Cleaning Oil Spills. Table 1: Some examples of oil spills

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1 Cleaning Oil Spills 1. Introduction Recently, I have become very aware of human misuse of our earth s environment. I think humans have not been very responsible and nice to our planet. We are polluting the land, air and water at a scary rate. One of the major causes of water pollution is oil spills. There are many oil spills around the world and each spill kills thousands of birds, aquatic and other forms of life. Oil spills are much more common than what I thought when I started this project. In Table 1, I summarize some of the oil spills during the past two decades. Table 1: Some examples of oil spills Date Place Estimated amount of oil spilled in water (million gallons) March 24, 1989 Valdez, Alaska, USA 10 June 8, 1990 Off Galveston, Texas, 5.1 USA January 23-27, 1991 Southern Kuwait 520 April 11, 1991 Genoa, Italy 42 May 28, 1991 Angola 70 March 2, 1992 Fergana Valley, 88 Uzbekistan November 13, 2002 Spain 20 August- September, New Orleans, Louisiana December 7, 2007 South Korea 2.8 Oil spills affect our planet s ecosystems and the damage may be irreversible. For example, some species of animals have still not recovered from the famous Exxon Valdez oil spill of Animals such as, the Killer Whale, the Harbor Seal, the Common Loon, Cormorant, etc. have still not recovered in the Prince William Sound in Alaska (AK). Although, animals such as the Bald Eagle and River Otter have managed to recover in the Prince William Sound, AK. The Valdez spill impacted

2 about 1,300 miles. This is more than the driving distance from Raleigh to Chicago, Illinois. It took about 10,000 workers, 1,000 boats and 100 airplanes, the U.S. Navy, the Army, and the Air Force to clean up the spill. The cost for Exxon to clean the mess was about $2.1 billion. The amount of oil spilled in this accident was about 10 million gallons. Note that the Valdez spill was not even among the top 10 worst spills! Just imagine how much damage the top 10 did. 2. How to clean the oil spills? As mentioned above, oil spills can be very bad for our planet and our economy. So it is important to avoid them in the first place. But when the spills occur it is important to clean them quickly and efficiently before they spread too far into the lakes, rivers, oceans and other bodies of water. People have used many methods to clean oil spills. Booms are one method to clean spills. Booms are floating barriers that round up the oil and lift oil off the water. Skimmers are machines that skim the oil from the top of water. Sorbents are sponges that soak up the oil. There are many other methods of cleaning oil spills. For more details on this subject, one may go to One of my goals for this project was to find a material that would absorb oil without absorbing water. I knew that Styrofoam is used as a packing material when shipping objects. This I assume is because it does not absorb water. So in this experiment I wanted to see if Styrofoam can be used for absorbing oil from a bowl containing water and oil. Hypothesis: Styrofoam absorbs oil without absorbing water. 3. Material and Methods Materials A large sheet of one inch thick Styrofoam. Ruler. Knife.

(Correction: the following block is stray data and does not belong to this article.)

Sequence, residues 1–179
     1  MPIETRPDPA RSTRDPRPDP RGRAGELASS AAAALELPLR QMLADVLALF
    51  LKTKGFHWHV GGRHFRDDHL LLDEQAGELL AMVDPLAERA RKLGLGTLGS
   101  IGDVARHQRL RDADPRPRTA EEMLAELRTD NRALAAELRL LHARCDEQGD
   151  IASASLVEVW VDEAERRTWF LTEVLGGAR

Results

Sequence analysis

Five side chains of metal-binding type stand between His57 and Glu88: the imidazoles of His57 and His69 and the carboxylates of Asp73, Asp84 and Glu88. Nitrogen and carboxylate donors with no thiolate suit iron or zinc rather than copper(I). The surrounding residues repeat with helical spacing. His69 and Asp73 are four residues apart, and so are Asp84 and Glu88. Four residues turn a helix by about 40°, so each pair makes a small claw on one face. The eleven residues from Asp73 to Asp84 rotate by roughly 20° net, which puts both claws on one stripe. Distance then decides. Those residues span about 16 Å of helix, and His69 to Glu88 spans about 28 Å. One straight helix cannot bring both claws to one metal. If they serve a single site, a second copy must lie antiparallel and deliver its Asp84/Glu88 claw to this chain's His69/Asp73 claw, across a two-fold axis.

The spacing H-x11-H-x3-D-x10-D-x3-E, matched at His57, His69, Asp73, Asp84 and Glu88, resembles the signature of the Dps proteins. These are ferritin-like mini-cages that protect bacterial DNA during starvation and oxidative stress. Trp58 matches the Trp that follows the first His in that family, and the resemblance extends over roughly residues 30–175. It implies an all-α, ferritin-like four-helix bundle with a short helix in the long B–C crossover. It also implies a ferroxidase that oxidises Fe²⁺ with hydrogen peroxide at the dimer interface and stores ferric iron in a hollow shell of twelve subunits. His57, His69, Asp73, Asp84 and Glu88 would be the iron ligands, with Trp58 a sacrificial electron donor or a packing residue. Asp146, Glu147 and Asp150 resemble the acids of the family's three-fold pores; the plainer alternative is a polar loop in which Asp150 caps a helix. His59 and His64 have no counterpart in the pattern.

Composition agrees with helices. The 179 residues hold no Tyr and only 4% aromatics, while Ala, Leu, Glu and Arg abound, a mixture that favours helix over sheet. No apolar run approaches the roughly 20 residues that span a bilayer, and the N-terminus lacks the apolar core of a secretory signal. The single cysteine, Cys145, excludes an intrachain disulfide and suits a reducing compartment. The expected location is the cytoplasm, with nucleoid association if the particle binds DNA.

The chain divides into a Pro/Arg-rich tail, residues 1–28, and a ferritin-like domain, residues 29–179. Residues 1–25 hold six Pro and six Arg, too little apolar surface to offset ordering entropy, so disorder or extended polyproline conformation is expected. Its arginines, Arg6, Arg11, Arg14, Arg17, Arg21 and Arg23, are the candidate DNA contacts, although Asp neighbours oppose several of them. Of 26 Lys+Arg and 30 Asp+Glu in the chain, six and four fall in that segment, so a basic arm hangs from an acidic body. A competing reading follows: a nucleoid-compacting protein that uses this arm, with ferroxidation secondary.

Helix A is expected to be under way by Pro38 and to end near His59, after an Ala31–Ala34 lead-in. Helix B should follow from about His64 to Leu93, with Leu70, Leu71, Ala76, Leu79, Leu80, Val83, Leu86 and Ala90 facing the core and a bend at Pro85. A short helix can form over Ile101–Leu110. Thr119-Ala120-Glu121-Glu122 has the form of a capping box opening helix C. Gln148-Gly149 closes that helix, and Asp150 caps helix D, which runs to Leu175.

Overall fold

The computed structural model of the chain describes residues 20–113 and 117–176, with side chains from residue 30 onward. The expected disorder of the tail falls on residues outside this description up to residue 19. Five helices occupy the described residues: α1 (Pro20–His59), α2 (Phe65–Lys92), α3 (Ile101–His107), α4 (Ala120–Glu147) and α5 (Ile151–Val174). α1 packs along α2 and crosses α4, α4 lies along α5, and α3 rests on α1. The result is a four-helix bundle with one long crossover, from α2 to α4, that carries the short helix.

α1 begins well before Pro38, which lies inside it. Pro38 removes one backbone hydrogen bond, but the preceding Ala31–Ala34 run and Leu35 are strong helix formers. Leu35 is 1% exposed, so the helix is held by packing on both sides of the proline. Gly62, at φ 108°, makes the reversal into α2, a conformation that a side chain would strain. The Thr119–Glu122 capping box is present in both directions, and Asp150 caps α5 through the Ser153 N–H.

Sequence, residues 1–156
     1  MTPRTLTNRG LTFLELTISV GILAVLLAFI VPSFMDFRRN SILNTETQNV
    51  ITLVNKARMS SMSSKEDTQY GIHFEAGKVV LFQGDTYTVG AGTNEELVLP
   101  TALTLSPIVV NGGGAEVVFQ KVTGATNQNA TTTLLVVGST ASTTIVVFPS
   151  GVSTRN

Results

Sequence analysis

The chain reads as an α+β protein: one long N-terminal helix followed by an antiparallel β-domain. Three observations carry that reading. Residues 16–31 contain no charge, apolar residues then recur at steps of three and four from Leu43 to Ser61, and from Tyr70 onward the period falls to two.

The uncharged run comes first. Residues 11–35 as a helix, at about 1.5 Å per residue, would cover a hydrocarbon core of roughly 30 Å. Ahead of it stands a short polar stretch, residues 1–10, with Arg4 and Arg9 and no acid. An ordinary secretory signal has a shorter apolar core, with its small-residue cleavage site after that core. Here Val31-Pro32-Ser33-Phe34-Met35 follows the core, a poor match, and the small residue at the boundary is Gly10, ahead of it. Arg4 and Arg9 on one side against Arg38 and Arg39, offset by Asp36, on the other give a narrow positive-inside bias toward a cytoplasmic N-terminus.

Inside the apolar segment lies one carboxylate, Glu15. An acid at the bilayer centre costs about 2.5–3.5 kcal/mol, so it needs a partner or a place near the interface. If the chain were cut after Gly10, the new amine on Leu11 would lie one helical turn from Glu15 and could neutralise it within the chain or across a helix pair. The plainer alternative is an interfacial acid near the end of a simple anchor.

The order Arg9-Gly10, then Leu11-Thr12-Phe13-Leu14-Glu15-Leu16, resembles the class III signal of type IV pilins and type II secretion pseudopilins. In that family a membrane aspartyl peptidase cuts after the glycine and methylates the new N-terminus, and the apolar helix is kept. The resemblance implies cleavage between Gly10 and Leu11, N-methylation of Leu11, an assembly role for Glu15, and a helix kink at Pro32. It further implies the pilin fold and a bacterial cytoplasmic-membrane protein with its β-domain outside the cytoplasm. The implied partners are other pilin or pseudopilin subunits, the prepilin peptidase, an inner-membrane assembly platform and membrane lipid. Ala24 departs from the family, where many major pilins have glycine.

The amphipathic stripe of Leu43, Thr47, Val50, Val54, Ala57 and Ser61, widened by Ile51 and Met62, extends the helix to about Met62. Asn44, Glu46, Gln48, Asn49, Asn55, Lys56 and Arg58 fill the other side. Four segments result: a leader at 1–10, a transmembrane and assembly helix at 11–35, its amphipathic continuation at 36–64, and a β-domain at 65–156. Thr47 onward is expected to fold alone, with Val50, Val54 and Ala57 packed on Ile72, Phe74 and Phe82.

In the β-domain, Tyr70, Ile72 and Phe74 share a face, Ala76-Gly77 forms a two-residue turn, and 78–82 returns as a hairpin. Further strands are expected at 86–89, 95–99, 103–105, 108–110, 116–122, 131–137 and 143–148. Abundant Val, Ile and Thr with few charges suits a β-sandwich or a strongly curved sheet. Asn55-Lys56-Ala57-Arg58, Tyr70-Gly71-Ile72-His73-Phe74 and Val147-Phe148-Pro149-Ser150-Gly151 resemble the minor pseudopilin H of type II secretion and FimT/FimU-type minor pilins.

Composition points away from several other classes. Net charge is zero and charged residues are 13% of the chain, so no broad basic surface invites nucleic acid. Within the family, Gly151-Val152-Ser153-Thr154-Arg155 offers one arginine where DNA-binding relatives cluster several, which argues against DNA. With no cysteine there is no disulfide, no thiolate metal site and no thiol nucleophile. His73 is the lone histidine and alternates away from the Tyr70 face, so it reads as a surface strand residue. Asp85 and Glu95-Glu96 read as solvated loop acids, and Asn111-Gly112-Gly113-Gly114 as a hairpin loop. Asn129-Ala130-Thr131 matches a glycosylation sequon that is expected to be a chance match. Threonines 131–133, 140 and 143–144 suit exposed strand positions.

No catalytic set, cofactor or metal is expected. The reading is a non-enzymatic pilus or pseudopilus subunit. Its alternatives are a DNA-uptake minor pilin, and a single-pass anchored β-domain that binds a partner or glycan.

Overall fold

3 Water. Lawn mower motor oil. Measuring cup. Fifteen 6 diameter Heafty soak proof impermeable party bowls. Three 18 long aluminum trays. Clock. Methodology First I placed 5 party bowls in each aluminum tray. I put these bowls in aluminum trays to avoid any spills on the carpet during the experiment. Two trays were labeled as control groups (Control-I, Control-II) and the third tray was the Experiment group. Each bowl in the Control-I got 1 ounce of lawn mower oil per bowl, whereas each bowl in Control-II got 7 ounces of tap water. The bowls in the Experiment group got 7 ounces of tap water and 1 ounce of lawn mower oil each. I placed two blocks of Styrofoam, a 3 x3 x1 block and a 3 x 2 x1 block in each bowl of the Experiment group tray and in each bowl of the Control-II tray. I didn t place any Styrofoam blocks in Control-I tray bowls. See the Photo (A) below. Photo A: The Experiment, Control-I, and Control-II groups.